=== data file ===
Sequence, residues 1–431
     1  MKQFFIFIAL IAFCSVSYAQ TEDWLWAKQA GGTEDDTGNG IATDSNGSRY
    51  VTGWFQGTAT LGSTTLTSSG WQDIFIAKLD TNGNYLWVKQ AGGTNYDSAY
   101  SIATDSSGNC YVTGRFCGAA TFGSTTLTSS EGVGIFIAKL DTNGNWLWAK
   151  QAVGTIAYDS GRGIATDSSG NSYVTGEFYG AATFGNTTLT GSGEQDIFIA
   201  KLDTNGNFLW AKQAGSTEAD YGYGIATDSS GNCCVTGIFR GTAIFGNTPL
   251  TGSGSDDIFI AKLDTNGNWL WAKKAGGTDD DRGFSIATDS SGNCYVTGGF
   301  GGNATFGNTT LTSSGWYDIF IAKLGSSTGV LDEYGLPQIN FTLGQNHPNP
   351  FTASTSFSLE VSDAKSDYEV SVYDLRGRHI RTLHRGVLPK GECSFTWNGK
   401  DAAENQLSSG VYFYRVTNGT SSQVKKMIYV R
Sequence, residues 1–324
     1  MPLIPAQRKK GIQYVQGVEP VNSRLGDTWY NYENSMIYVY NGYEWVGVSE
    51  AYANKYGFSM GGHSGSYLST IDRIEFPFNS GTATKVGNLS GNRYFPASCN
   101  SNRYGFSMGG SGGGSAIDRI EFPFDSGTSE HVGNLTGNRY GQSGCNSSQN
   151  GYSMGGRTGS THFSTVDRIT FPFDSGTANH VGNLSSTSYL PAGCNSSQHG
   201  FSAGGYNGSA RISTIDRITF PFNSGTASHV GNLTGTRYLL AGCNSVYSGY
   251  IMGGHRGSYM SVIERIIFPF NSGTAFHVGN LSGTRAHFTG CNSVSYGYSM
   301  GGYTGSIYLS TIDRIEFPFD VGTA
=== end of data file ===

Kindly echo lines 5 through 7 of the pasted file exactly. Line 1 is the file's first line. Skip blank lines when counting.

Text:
   151  QAVGTIAYDS GRGIATDSSG NSYVTGEFYG AATFGNTTLT GSGEQDIFIA
   201  KLDTNGNFLW AKQAGSTEAD YGYGIATDSS GNCCVTGIFR GTAIFGNTPL
   251  TGSGSDDIFI AKLDTNGNWL WAKKAGGTDD DRGFSIATDS SGNCYVTGGF